WASHINGTON ― Sen. Jeff Flake (R-Ariz.) told reporters Friday that he plans to vote for Brett Kavanaugh, President Donald Trump’s nominee to the Supreme Court, following the completion of the FBI investigation into allegations of sexual assault leveled against him, “unless something big changed.”
“I don’t see what would,” he added.
The FBI started its probe last week after Flake, the Senate Judiciary Committee’s lone swing vote, said he could only move forward with the process if Republican leaders agreed to authorize a limited, week-long investigation into Christine Blasey Ford’s accusation against Kavanaugh. The psychology professor has accused the nominee of pinning her to a bed and groping her when they were both high school students.
Kavanaugh has denied the allegation, as well as those from two other women who have accused him of sexual misconduct.
After reviewing a copy of the FBI’s report pertaining to the investigation on Thursday, Flake told reporters on Capitol Hill that he saw “no new” information to corroborate the allegations. The senator, who is retiring this year, said he broke with his party by calling for the investigation in order to restore some legitimacy to the process amid heightened partisan rancor in recent weeks.
On Monday, Flake said: “It does no good to have an investigation that just gives us more cover, for example. We actually need to find out what we can find out.”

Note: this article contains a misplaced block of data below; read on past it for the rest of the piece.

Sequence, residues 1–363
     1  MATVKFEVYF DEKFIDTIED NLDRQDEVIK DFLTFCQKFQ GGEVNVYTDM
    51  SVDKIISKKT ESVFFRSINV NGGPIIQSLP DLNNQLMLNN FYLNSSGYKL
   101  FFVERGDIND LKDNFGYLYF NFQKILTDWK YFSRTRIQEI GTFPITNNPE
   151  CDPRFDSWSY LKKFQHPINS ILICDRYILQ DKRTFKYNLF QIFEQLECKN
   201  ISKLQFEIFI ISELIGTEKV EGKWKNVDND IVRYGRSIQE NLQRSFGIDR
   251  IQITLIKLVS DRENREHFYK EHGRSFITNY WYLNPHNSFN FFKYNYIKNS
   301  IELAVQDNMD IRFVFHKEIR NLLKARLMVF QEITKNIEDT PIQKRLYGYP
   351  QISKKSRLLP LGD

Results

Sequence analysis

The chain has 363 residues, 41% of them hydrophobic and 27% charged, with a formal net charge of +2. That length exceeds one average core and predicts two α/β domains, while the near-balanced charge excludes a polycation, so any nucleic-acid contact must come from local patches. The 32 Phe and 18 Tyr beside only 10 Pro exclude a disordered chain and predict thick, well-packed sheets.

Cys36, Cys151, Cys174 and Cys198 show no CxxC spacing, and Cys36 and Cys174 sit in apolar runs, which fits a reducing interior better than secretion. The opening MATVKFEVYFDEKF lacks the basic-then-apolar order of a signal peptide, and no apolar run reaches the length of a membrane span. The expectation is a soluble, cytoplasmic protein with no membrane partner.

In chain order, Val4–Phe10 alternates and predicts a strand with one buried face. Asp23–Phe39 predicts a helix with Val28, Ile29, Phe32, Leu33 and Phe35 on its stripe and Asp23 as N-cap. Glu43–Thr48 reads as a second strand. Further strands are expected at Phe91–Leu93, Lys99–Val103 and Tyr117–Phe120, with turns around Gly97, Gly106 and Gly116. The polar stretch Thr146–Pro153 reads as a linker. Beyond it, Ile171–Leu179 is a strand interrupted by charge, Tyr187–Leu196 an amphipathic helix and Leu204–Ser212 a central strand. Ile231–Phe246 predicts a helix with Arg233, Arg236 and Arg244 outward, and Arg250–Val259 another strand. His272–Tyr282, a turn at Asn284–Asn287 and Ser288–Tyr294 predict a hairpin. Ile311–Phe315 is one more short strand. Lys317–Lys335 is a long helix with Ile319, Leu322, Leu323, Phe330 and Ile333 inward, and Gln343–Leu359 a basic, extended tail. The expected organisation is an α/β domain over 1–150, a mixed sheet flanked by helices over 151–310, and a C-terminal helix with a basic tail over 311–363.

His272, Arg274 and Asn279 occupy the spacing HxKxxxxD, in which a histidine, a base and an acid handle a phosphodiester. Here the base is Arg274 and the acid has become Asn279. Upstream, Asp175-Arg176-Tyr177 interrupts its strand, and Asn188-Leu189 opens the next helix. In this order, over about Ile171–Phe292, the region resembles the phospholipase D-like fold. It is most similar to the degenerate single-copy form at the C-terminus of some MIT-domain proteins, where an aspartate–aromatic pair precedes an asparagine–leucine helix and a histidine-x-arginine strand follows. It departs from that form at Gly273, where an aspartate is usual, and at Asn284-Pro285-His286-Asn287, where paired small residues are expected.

Yet the limited investigation does seem to be giving senators cover to confirm Kavanaugh anyway.
Democrats, however, said the investigation failed to interview a number of key witnesses, including many of Kavanaugh’s classmates from Yale University. One woman has accused Kavanaugh of misconduct during their time at the school.
“It looks to be the product of an incomplete investigation that was limited,” Sen. Dianne Feinstein (D-Calif.), the senior Democrat on the Senate Judiciary Committee, told reporters on Thursday.
Flake’s announcement comes as a blow to Democrats, who view Kavanaugh as a serious threat to the Affordable Care Act and women’s reproductive rights. If the Senate confirms Kavanaugh, Republicans will cement a reliably conservative majority on the court and tilt the balance of power further to the right for decades. The 53-year-old conservative judge is seeking to replace Justice Anthony Kennedy, who sometimes sided with the court’s liberals on issues like abortion, gay rights and affirmative action.
The Senate is expected to hold its final vote on the Kavanaugh nomination on Saturday.
Marina Fang contributed reporting.